How America Could Catch China Preparing for a War

The U.S. Navy needs better surveillance and reconnaissance systems if it’s to have any chance of detecting a Chinese build-up in the Western Pacific in the weeks or days preceding a possible major war.

That’s the thrust of a new report that seapower experts Seth Cropsey and Bryan McGrath wrote for the Hudson Institute in Washington, D.C.

“There is a current lack of appreciation for the critical role of intelligence, surveillance, reconnaissance and targeting (ISR/T) capabilities in naval combat success,” Cropsey and McGrath wrote. “This operational blind spot has concrete ramifications for the balance of power in the Western Pacific and the ability of the United States to force a political settlement without conflict.”

China, the experts noted, is expanding its influence across Asia while also continuing to threaten Taiwan. “China’s increasingly modernized armed forces, their continued expansion, new technology such as hypersonic missiles, the growing range of China’s anti-ship missiles, and Beijing’s increasingly robust anti-access/area denial network are just some of the challenges the U.S. faces in deterring conflict in the South China Sea, the East China Sea, and the Yellow Sea.”

If Beijing were to attempt to cement its gains through military force, it must first “neutralize U.S. and allied forces in the region,” Cropsey and McGrath wrote. “Second, it must prevent the United States from reinforcing its allies and forward-deployed assets in a longer conflict, thereby isolating the first island chain [from Japan to The Philippines] from the rest of the Asia-Pacific.”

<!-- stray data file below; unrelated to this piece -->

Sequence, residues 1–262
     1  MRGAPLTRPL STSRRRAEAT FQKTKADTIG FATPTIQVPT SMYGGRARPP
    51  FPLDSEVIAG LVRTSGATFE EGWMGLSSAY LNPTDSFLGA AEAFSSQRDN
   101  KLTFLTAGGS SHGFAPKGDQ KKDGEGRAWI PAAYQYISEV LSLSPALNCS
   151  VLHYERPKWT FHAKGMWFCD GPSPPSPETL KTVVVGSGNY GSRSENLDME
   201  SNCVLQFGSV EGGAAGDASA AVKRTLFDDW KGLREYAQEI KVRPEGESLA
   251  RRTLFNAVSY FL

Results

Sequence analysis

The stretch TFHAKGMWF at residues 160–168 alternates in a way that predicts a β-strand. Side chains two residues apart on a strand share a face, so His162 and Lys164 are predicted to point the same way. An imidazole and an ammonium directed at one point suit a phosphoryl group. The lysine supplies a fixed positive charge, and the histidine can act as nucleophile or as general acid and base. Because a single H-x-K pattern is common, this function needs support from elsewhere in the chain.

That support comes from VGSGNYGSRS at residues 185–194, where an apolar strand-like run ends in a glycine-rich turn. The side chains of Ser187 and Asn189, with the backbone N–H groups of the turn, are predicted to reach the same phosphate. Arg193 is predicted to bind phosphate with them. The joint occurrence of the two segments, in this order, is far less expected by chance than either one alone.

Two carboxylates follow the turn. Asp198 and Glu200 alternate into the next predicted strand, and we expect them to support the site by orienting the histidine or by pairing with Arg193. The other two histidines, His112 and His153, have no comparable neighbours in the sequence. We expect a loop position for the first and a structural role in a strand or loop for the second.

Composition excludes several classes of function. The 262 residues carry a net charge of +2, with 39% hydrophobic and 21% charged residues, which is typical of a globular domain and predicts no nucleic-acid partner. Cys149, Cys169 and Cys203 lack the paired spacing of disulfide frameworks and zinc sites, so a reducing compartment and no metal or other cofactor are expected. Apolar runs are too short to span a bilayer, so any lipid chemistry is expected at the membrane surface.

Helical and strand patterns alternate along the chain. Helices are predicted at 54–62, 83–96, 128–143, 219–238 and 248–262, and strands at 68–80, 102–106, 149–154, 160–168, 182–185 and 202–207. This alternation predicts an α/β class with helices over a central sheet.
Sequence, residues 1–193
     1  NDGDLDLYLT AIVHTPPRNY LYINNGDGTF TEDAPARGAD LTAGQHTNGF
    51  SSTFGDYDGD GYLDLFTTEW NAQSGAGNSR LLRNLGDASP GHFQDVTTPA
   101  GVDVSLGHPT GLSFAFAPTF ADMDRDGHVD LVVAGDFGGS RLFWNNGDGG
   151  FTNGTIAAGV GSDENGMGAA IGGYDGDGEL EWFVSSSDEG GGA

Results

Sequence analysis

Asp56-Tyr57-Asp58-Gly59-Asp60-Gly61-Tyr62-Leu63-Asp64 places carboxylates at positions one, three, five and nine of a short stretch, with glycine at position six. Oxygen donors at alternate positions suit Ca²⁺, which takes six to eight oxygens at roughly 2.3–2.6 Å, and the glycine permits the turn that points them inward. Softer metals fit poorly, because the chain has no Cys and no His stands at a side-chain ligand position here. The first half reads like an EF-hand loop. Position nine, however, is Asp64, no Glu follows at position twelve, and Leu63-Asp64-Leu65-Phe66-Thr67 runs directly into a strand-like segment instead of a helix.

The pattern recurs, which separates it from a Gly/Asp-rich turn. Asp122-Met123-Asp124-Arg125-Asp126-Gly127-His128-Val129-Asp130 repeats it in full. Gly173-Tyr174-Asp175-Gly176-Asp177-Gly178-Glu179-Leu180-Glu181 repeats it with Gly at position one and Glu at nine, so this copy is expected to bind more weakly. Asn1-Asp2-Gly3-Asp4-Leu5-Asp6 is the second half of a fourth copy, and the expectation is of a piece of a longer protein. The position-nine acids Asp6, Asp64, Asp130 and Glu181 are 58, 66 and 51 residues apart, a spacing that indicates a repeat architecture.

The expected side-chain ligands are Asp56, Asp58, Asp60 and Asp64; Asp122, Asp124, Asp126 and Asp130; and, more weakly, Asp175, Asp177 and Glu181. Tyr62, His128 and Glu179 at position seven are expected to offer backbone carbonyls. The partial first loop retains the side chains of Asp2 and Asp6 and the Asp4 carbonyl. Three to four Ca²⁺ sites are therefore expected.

The U.S. Navy has responded to the Chinese threat by growing its fleet and developing new anti-ship missiles with longer range. But new missiles such as the Long-Range Anti-Ship Missile and the Joint Air-to-Surface Standoff Missile-Extended Range, can fly farther than the Navy’s sensors reliably can see.

“Several factors indicate that fleet anti-surface warfare weapons are not adequately supported by the targeting environment,” the Hudson experts explained. “The first is the complexity of that environment. For a missile to impact an adversary surface ship, several things must happen: the ship must be located, it must be identified, it must be discerned against the background of other ships in the area and false targets, it must be designated for engagement, and it must be tracked to a degree of precision that is within the capability of the missile employed.”

“All things being equal, the more capable the missile, the less the need for the architecture to provide it with accurate targeting,” they added. “Finally, the targeting data supplied to the missile must be accurate.”

Satellites can help to detect targets, but in the event of war China is likely early on to target orbital sensors. Cropsey and McGrath recommended the Navy focus on fielding drones, instead.

“The Department of Defense should consider redeploying land-based unmanned aerial vehicles, specifically the MQ-9 Reaper remotely piloted vehicle, from the Middle East to the Pacific, modifying them for maritime ISR,” they wrote.

“The Navy should assess accelerating the current MQ-4C program of record,” the experts added. The Navy also “should consider acquiring a medium-altitude, long-endurance UAV that can be launched and recovered onboard surface combatants and deliver targeting data directly, which would efficiently and effectively negate a portion of the ISR/T coverage gaps.”

Additionally, the U.S. fleet should “modify the MQ-25 Stingray UAV to carry its own ISR/T data-gathering suite to provide the carrier air wing with organic ISR/T, and rely less on non-traditional ISR, currently being conducted by [manned fighters such as] F/A-18E/Fs and EA-18Gs.”

Meanwhile, the Pentagon should “encourage key allies and partners to increase their own maritime surveillance capabilities, including advocating for foreign military sales of the MQ-4C Triton and the MQ-9B SeaGuardian/Protector.”

“Maritime power, like a complex machine, is composed of many parts,” Cropsey and McGrath concluded. “Among the most important is the ability to outrange an adversary, for which the range of weapons is as critical as the ability to target the adversary effectively. The ability to target a potential adversary’s naval power deserves far more attention than it has received.”

David Axe serves as Defense Editor of the National Interest. He is the author of the graphic novels  War FixWar Is Boring and Machete Squad.

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